The indictment alleged that the janitorial employees were afraid to report the incident because they feared that their jobs would be in jeopardy. Their fears were unfounded. Pennsylvania state law provides both civil and criminal immunity for individuals who report suspected child abuse. Additionally, the law provides for civil redress of any discrimination or adverse employment action taken against employees for reporting suspected child abuse. Employees need not be afraid to report child abuse to child welfare agencies as they have civil and criminal immunity and are protected from discriminatory and adverse employment action taken against them in retaliation for reporting child abuse. In fact, child abuse reports can be made anonymous through a toll-free number (1-800-4-A-CHILD) from anywhere in the United States.
Sexual offenders, pedophiles in particular, have patterns of offending. One pattern is to involve themselves in circumstances where they have access to children. If the allegations against Sandusky are credible, it appears as if Sandusky created his own pool of victims by starting The Second Mile in 1977. Child abusers also tend to prey on children who already have experienced dysfunction in their lives. This dysfunction creates the opportunity for the abuser to become a source of emotional support for the child, thus creating vulnerability. Abusers will sometimes volunteer as camp counselors, Boy Scout leaders, or sports coaches to bring them into contact with children.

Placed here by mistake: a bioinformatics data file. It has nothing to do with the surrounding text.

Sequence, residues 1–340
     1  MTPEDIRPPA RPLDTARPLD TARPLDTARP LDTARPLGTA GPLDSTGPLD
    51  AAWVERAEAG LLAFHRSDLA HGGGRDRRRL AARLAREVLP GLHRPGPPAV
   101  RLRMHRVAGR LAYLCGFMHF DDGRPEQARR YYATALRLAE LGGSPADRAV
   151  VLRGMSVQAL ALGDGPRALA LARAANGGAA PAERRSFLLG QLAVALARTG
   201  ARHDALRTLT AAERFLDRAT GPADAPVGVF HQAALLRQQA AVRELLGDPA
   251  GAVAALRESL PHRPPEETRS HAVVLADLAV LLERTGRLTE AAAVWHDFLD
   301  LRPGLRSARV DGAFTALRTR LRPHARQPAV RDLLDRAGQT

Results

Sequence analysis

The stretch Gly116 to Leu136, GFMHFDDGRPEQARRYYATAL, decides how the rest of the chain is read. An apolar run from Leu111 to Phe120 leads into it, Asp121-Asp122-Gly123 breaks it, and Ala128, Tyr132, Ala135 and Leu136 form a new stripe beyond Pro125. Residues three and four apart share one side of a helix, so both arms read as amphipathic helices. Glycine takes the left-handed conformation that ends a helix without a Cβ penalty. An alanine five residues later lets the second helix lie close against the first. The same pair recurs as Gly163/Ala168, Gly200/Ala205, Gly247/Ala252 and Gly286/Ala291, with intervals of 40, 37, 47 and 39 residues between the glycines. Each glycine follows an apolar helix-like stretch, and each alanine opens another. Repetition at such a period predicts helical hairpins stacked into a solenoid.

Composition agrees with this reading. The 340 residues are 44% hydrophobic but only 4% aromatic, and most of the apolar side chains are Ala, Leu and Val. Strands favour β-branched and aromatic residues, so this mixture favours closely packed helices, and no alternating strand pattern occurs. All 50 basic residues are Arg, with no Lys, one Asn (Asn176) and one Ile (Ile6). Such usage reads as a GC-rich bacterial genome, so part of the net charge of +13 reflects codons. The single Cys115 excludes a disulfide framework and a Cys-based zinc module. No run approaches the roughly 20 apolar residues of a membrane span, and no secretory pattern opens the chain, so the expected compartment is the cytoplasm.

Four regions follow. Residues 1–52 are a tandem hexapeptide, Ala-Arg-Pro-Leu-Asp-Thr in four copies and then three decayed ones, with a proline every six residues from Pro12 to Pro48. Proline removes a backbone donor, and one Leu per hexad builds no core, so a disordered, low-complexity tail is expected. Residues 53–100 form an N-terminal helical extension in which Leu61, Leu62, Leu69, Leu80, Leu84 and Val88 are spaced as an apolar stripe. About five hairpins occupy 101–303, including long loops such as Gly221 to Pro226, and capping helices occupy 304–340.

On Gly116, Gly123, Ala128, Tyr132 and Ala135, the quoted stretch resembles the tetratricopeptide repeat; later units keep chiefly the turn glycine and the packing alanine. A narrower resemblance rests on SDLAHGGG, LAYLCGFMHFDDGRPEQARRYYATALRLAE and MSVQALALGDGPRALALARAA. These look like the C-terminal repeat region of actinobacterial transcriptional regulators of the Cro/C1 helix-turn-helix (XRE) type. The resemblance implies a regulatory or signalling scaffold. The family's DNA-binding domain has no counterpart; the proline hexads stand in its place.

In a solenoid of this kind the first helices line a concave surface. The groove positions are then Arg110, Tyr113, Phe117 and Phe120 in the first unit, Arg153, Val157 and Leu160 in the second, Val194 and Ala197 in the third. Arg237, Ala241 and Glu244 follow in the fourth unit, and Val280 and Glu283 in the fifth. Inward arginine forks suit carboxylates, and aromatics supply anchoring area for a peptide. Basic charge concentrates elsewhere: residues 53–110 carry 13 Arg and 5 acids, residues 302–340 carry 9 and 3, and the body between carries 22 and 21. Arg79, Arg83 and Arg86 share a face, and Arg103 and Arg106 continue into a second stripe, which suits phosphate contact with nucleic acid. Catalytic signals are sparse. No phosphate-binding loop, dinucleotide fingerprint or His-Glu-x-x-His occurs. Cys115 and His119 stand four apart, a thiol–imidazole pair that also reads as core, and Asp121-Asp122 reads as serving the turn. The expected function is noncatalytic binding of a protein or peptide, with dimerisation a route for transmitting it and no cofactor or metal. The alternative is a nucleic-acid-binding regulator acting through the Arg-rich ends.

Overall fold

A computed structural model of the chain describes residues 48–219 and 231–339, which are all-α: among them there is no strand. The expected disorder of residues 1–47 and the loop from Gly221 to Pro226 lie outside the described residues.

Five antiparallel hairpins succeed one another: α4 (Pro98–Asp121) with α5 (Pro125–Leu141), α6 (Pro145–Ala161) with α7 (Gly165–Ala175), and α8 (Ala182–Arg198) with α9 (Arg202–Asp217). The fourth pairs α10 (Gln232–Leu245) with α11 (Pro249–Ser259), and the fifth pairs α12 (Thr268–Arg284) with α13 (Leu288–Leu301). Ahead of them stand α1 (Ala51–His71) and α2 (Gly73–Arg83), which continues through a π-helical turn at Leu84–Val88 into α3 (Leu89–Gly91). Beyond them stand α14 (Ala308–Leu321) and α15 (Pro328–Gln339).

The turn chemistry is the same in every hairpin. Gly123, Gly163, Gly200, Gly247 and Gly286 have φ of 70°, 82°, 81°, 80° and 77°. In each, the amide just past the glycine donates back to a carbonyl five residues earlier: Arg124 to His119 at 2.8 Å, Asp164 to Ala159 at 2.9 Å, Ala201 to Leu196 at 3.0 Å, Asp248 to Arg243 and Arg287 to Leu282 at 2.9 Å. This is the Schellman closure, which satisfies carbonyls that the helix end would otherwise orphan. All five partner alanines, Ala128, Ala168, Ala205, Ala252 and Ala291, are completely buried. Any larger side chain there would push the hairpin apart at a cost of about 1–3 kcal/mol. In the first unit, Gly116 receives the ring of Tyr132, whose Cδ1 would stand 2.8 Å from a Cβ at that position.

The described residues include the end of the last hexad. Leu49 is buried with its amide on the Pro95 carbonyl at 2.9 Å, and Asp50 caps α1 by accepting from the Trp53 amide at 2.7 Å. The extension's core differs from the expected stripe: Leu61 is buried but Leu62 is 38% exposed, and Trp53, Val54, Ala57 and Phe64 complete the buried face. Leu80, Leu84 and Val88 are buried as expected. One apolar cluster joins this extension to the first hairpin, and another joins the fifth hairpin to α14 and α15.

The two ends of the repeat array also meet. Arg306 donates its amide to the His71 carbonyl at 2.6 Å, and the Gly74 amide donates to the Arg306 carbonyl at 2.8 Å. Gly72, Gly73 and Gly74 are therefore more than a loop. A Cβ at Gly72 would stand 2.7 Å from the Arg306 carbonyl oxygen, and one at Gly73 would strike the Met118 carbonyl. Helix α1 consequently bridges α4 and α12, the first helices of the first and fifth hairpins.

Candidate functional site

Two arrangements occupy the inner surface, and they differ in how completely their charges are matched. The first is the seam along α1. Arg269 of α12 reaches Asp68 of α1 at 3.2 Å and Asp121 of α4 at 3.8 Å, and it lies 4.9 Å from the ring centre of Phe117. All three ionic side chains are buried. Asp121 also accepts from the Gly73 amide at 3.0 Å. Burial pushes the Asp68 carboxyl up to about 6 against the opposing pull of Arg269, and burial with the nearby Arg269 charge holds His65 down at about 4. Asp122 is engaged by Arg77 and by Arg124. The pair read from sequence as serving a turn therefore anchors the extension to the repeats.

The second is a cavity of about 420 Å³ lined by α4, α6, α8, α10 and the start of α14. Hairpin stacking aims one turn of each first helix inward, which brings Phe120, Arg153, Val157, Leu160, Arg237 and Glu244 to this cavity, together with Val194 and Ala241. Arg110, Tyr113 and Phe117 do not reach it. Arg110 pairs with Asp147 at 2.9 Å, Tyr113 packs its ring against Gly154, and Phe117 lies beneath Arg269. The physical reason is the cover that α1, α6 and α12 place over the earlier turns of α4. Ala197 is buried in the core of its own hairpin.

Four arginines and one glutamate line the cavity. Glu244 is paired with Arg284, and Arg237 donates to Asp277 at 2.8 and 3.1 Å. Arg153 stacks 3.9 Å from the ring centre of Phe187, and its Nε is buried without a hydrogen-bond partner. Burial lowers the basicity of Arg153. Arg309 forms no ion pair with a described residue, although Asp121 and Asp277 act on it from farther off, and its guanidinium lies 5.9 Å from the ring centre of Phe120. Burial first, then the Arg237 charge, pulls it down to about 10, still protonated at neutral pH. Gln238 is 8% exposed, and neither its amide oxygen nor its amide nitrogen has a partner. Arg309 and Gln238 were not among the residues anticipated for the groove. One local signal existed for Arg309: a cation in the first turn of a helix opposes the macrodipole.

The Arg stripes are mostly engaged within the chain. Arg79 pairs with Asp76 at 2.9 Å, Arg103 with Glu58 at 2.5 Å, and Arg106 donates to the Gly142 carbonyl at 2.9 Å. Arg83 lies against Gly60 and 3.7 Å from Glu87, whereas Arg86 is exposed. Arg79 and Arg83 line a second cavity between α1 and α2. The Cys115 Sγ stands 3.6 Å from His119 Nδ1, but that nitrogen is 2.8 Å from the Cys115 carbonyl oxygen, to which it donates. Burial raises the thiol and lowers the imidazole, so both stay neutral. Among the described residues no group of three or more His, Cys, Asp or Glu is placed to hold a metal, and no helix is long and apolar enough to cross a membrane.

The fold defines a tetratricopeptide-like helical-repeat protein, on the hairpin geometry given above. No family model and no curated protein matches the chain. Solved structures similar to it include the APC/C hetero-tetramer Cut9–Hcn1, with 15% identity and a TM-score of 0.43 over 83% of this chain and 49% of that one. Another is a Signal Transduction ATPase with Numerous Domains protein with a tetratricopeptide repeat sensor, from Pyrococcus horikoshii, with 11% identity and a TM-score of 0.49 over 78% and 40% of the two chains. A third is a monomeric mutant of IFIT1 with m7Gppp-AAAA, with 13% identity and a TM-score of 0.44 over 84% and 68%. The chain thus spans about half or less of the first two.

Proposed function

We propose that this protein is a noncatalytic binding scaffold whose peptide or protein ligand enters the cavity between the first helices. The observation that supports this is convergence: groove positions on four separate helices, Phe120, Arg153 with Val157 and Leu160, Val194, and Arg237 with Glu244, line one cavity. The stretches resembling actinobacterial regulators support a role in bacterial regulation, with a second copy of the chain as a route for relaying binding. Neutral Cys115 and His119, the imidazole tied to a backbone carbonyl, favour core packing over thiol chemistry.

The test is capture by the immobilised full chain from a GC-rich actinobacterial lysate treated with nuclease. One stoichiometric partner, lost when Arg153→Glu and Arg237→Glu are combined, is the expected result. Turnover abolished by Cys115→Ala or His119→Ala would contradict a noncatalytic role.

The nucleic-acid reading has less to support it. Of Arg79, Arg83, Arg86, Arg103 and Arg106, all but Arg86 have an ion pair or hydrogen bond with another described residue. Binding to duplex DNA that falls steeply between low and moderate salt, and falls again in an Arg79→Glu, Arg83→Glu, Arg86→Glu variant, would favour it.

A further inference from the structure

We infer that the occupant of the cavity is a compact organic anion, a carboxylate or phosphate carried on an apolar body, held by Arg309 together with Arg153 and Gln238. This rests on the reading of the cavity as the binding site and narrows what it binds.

When reviewing sexual offending cases, it is often discovered that a number of people knew, or were suspicious of the activity and did nothing. In this case, one wonders how much Sandusky’s wife knew about the alleged activities. The indictment alleges that she made phone calls to victims apparently in an attempt to talk to them before they were to testify to the grand jury. That behavior is not unusual. It’s found that family members, in specific, mothers and wives tend to enable the abuser. Sexual abuse thrives on secrecy. While the victims cannot be blamed for not disclosing, in most cases of sexual abuse someone else knows or was suspicious, but did not act. Their failure to act leads to the continued perpetration of abuse.
Pedophiles will not stop until stopped by law enforcement, and sometimes that is not even enough to deter them from repeating their offenses. In this case, as in so many others, we see a multitude of victims. Pedophiles that are not confronted or treated continue to amass an alarming number of victims throughout their lifetime. One study of 561 pedophiles that molested young boys had an average of 281 different sexual acts with 150 victims (Abel et al., 1987). It would not be surprising to experienced child abuse investigators to see the numbers of victims listed in the indictment grow significantly, particularly since The Second Mile has been around since 1977.